Having grown up a foreigner in Canada, and feeling equally foreign as a Canadian in Egypt, Habzyz III quickly learned that to fit in is no easy feat. Years later, and in the throngs of Egypt's revolution, he finds out that home is something you earn.
In a past life, I was a double agent living two lives; half a world apart still searching for home. The idea of finding a home seems like it would be an achievable mission, but despite my best efforts it always slips through my grasp, proving to be impossible.
Living in the confusion that is Cairo, I find myself often offering my blood on the streets as proof of my meya meya Egyptian heritage, but no matter what I offer, the shadowy cast of my Canadian-shaped brain becomes evident under the ancient desert sun. In Canada, I struggled dealing with discrimination even though I was told that I was living in multi-cultural mosaic that welcomes and encourages all backgrounds. However, after 9/11 it was hard to ignore the change in others' perception of me, especially those in positions of authority. At the time of the attacks I was in high school, and witnessed a change in a few of my teachers' attitude towards me, the worse example being my high school English teacher.
Without a history of bad behaviour and without provocation, I found myself being thrown out of class, or worse, humiliated for no real reason, on what seemed to be a routine basis. “Take your greasy, dirty face off your desk,” my teacher would often say, prior to finding yet another feeble excuse to dismiss me from her class. One day I decided that enough was enough, and that she needed to come face-to-face with her abusive nature.
We were to read Macbeth, a Shakespearean play, one that I had in fact performed one year prior and thus had it memorised. Instead of reading along with the class, I decided to write my feelings in a notebook, before coming to the realisation that chances are whatever I write will be taken by the teacher and read out to the class. Preempting this potentially embarrassing scenario, I decided to put the theory to the test, and chose two words to write over and over again as if I was already being punished. I settled on 'Listening Politely' and continued to write it until I reached to about 3/4 of a page.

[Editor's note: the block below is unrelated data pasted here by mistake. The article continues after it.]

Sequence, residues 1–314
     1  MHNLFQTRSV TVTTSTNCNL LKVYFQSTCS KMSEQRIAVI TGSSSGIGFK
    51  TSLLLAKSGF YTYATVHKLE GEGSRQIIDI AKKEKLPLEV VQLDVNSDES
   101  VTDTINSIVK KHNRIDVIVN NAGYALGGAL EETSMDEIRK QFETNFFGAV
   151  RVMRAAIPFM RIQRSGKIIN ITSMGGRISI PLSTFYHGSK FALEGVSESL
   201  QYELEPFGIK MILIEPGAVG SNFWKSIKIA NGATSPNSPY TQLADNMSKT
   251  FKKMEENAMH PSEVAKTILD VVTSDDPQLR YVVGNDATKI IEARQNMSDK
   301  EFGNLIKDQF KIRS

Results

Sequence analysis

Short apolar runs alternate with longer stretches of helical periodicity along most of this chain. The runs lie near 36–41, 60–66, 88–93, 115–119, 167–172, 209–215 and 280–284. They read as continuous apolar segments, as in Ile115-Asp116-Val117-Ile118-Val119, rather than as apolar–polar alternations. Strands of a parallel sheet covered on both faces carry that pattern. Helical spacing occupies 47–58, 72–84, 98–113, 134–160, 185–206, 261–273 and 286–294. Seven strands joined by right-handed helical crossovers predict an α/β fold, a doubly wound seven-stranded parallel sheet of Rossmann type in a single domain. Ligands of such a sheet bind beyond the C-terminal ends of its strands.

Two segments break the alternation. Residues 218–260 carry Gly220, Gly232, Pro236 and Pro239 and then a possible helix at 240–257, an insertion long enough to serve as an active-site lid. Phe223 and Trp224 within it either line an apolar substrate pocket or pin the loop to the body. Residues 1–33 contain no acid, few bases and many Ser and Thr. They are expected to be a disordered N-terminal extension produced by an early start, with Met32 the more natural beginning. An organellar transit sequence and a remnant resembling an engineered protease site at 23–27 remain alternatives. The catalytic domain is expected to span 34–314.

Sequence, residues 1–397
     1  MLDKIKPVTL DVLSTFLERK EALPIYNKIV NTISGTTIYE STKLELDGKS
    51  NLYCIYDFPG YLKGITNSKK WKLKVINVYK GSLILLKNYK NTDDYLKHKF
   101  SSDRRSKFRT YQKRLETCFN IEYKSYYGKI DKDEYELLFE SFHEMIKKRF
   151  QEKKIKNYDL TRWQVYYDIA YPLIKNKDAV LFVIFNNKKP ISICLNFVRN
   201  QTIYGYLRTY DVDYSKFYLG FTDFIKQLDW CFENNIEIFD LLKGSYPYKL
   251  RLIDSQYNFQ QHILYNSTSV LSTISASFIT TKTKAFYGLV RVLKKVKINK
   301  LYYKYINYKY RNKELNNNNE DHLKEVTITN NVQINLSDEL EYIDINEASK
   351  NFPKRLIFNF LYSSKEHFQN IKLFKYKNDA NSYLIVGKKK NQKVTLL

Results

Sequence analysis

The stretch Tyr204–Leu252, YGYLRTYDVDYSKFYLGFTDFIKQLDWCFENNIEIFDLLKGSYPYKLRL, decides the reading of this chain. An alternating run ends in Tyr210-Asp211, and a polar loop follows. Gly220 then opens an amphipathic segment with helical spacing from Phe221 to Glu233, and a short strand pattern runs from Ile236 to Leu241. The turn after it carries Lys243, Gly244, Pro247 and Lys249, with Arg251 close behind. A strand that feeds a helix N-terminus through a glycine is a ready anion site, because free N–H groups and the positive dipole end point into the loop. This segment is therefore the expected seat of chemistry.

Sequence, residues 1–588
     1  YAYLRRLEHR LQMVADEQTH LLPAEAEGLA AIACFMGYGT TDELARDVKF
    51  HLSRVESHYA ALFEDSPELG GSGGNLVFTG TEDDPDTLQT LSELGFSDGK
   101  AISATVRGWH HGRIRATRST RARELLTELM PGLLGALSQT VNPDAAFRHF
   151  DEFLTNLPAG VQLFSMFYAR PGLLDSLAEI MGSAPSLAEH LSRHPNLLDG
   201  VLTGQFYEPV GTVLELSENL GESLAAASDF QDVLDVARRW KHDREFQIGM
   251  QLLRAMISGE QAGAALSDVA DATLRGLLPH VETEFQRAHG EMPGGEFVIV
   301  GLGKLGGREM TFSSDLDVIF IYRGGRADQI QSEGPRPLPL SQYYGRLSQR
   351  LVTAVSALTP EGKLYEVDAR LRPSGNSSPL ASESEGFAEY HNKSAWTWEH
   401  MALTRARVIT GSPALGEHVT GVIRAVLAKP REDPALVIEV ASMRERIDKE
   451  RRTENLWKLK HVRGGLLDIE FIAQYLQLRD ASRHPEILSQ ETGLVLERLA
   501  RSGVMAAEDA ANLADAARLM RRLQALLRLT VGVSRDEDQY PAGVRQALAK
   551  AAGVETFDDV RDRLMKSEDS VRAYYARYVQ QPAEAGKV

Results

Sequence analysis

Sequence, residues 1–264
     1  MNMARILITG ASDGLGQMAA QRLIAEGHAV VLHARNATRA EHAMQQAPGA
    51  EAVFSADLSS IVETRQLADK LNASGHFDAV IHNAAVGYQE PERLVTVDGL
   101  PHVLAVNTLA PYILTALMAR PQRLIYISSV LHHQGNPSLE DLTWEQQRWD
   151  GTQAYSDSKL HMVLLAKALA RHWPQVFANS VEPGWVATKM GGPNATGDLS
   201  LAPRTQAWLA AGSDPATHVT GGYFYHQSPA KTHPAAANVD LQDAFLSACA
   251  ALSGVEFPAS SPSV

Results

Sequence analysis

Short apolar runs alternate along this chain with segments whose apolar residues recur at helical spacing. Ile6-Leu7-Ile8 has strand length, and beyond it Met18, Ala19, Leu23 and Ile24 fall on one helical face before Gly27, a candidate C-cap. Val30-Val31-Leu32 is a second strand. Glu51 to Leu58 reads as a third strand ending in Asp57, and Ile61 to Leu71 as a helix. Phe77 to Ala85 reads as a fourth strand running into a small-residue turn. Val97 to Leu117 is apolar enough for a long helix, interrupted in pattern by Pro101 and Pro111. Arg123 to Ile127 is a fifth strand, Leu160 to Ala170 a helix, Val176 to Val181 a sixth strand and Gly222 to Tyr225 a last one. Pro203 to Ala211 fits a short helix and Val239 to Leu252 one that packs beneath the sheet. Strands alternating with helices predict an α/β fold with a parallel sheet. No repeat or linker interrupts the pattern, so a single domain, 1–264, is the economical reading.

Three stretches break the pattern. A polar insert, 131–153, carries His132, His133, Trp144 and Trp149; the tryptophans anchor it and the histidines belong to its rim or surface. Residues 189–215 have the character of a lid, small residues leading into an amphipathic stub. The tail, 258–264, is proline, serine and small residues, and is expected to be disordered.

With no warning, and surprising force, she ripped the paper from out of my fake kung fu grip, walked to the front of the class and was forced to face her racism. Her face instantly became devoid of colour, as she silently dealt with the fact that her hate was all too predictable. To save face, she dismissed the class except for me. I asked for my paper back so that I could bring into the principal as evidence, but upon my request she ripped it up. She finally addressed the fact that she has been hard on me, and she didn't know why, but that she will just try to ignore me from now. I took her for her word at the time, but not much changed. When it came time to move on to university, I decided maybe I was better suited to living in Egypt.
I remember thinking that it would be a lot easier to fit into Egypt; for the first time in my life I would be part of the visible majority instead of a victimised minority. I enrolled in medical school at the University of Cairo, and was determined to be reborn in what was supposed to be my homeland. To my surprise, I found myself more unpopular than a 25 piaster bill, constantly in a battle to find shade from the unrelenting sun on campus. Among the sea of black ninjas and the various gangs of shabbab, I found myself completely lost and unable to communicate, as I spoke no Arabic and was assured, over the phone, that it was an all English faculty. It became very clear to me that if I were to merely function here, let alone feel home, that I would have to learn the language fast.